Ever wondered why some people are addicted to scrolling their Instagram feed? Why they make certain applications a part of their “day”?
The book Hooked: How to build habit-forming products by Nir Eyal has answers to all such questions.
Before we move on to the summary of the book, here are few questions that you may have right now:
•Who should read this article?🤔
From Designers to Engineers, Startup Founders to a kid aspiring to build something great, or anyone who cares about driving customer engagement.
•What are hooks?🤔
Hooks are series of experiences that can profoundly change the behavior of users. The more users run through these hooks the more likely they are to form habits.
•Where are these hooks? 🤔
You can find hooks anywhere! Any experience which can burrow our minds and wallets is a hook.
•How are habits formed? 🤔
Habits form when the brain takes a shortcut and starts taking action with no conscious thoughts. Fostering consumer habits is an effective way to increase the value of a company by driving higher customer lifetime value (CLTV)
•What is CLTV? 🤔
The amount of money made from a customer before that person switches to a competitor stops using the product or dies. User habits increase how long and frequently customers use a product, resulting in higher CLTV.
•What are the advantages of making your product hooked? 🤔
a.) Increased CLTV.
b.) Users become brand evangelists — bringing in new users at little or no cost.
c.) Habits once formed are difficult to die.
d.) Increase in usage of product — increased revenue.
•How are you going to make your product hooked? 🤔
Follow the Hooked Model!
•What is the Hooked Model? 🤔
The hooked model basically consists of four stages:
c.) Variable Reward
Habits are not the same thing as addictions. The latter describes persistent, compulsive dependency on a behavior or substance that harms the user. Addictions by definition are self-destructive.
The book is a gem. Each and every line of it is relevant. I have tried to collect the main ideas which are being discussed in this book. For a better understanding of the hooked model, I would recommend reading the full book.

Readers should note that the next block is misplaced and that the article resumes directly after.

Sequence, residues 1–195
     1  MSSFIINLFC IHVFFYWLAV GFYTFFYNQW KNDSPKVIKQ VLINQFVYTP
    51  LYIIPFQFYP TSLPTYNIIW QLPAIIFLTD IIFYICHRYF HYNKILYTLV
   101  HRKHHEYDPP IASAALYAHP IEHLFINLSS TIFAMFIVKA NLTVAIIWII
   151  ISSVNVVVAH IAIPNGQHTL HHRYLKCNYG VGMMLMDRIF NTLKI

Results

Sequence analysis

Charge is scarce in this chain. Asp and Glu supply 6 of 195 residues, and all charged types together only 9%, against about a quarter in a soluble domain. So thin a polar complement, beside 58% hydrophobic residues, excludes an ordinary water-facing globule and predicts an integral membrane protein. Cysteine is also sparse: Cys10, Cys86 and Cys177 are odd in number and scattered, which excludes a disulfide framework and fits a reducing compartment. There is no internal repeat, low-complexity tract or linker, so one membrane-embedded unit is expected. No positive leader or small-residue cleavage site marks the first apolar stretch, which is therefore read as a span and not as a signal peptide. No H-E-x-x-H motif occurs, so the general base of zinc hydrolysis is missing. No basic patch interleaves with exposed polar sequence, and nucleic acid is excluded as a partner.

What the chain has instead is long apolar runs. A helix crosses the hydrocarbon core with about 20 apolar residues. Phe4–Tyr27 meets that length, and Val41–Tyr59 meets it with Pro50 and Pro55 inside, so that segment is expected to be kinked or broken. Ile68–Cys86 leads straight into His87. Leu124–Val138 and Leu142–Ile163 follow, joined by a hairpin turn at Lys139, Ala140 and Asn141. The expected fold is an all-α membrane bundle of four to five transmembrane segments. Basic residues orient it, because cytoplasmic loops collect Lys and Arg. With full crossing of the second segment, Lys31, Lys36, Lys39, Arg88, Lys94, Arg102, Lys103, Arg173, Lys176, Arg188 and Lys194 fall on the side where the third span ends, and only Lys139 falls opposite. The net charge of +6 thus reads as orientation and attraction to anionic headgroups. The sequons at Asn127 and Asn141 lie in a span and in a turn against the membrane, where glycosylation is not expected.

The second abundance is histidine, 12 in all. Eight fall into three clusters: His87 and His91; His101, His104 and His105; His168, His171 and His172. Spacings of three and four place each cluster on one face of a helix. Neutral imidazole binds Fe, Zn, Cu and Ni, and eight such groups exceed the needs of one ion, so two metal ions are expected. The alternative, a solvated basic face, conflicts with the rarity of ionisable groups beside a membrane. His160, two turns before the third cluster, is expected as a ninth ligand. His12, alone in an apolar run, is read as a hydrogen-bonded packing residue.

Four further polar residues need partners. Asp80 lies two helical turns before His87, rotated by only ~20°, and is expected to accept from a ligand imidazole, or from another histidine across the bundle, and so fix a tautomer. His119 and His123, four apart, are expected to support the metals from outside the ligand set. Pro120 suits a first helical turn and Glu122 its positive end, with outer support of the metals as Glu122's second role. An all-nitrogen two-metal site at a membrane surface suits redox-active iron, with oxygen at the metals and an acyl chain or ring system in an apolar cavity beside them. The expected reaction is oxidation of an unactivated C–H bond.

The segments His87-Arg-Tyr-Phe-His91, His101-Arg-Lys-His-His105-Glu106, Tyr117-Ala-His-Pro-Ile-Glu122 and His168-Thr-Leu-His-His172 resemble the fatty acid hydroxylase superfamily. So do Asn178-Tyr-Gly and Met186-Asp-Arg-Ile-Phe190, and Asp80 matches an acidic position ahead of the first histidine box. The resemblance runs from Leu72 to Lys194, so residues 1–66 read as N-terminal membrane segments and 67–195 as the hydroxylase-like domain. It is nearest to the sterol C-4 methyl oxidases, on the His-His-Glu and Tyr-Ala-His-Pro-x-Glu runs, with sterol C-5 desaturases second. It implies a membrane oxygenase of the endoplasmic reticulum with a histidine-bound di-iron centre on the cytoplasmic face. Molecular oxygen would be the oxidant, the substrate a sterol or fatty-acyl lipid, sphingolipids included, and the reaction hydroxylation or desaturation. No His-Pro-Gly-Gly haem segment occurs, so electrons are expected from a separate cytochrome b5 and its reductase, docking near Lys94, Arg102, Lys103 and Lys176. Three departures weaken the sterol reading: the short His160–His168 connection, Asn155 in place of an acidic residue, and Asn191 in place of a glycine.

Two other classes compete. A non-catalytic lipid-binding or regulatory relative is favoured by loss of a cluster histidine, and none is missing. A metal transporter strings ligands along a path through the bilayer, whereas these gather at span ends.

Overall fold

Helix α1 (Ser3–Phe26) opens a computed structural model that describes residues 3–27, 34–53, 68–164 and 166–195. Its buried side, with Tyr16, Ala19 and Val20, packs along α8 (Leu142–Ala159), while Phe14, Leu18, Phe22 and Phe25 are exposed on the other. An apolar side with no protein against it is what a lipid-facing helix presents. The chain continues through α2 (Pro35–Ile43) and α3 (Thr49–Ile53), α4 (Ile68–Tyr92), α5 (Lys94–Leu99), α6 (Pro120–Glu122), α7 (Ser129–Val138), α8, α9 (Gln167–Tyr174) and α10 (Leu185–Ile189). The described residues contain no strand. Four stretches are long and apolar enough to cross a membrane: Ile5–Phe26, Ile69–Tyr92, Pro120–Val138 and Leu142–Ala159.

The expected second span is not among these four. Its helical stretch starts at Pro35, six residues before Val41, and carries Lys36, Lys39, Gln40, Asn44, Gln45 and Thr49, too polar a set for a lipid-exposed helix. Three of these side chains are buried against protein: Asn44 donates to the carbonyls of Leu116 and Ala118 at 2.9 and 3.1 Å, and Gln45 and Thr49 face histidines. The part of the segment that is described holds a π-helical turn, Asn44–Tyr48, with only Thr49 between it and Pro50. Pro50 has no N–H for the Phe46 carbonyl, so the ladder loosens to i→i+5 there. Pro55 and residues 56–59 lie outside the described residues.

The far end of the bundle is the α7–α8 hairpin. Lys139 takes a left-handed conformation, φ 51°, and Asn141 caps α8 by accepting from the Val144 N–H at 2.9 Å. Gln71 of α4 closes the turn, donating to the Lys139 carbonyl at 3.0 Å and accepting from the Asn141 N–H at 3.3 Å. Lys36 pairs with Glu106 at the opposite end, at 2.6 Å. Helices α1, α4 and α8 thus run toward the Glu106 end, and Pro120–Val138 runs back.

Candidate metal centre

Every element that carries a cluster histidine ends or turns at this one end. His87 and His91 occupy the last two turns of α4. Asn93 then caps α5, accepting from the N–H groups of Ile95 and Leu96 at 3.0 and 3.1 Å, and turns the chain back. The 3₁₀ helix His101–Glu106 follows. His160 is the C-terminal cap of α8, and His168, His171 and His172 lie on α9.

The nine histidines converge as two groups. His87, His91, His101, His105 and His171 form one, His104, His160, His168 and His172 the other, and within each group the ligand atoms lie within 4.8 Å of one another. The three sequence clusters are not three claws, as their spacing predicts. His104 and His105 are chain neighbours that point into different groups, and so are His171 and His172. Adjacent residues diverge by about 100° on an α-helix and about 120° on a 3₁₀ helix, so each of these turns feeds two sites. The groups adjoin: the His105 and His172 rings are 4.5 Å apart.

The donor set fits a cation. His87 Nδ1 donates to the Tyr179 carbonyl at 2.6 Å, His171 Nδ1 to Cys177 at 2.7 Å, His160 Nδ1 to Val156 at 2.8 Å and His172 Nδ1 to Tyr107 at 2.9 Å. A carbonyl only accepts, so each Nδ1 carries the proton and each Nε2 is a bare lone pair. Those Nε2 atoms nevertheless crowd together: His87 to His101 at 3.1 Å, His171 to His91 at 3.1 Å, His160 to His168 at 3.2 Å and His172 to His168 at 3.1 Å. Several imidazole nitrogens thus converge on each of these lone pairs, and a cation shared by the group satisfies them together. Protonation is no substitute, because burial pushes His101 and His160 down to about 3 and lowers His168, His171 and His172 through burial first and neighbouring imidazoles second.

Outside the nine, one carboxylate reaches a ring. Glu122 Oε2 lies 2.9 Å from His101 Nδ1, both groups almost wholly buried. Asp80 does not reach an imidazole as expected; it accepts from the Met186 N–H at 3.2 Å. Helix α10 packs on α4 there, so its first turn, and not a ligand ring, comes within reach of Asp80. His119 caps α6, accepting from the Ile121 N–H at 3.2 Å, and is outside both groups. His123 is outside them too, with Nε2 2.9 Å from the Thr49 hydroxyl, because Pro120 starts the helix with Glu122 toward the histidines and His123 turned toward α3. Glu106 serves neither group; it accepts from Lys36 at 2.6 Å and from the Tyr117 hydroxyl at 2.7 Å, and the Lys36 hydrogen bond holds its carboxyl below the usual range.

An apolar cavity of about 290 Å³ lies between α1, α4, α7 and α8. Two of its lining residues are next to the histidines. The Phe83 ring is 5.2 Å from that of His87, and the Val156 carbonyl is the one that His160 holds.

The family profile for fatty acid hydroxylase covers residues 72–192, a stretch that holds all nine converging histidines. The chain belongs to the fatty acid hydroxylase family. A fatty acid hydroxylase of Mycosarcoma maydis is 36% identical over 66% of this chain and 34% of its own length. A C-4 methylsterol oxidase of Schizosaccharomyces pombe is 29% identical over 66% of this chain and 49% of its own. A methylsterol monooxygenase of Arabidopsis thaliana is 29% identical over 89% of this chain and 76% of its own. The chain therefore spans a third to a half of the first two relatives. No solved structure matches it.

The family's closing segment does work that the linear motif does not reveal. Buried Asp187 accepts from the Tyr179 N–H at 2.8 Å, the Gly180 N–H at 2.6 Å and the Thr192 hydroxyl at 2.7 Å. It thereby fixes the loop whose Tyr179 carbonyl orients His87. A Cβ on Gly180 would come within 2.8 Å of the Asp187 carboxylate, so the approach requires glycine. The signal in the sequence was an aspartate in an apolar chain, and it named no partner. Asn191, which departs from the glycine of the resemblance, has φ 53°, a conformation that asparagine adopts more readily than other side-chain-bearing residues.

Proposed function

Here we go:
It is the actuator of behavior or we can say that it is the spark plug in the engine. These triggers come in two types: External and Internal.
External Triggers are embedded with information, which tells the user what to do next.
These are usually implemented in products by providing Call To Actions (CTA’s).
Too many choices require the user to evaluate multiple options. Too many choices or irrelevant options can cause hesitation, confusion, or worse — abandonment.
Unlike External Triggers, which use sensory stimuli like a morning alarm clock or giant “Login Now” button, we can't see, touch, or hear an Internal Trigger. Internal Triggers manifest automatically manifest in our mind.
Emotions, particularly negative ones, are powerful internal triggers and greatly influence our daily routines.
Feelings of boredom, loneliness, frustration, and confusion often instigate a slight pain or irritation and prompt an almost instantaneous and often mindless action to quell negative sensations.
Positive emotions can also serve as internal triggers and maybe even triggered themselves by a need to satisfy something that is bothering us.
For example, if a user is at someplace which is exotic, chances are there that the first thought which will come to his mind will be of taking a photograph and posting it on his Instagram account.
The urge of sharing your life with friends and relatives on social networks is an internal trigger.
The trigger informs the user of what to do next. However, if the user does not take action, the trigger is useless.
The more effort (either physical or mental) required to perform the desired action, the less likely it is to occur.
•What drives the actions of the user? 🤔
There are three ingredients to initiate any and all actions:
Action will occur when motivation, ability, and a trigger are present at the same time and in sufficient degrees.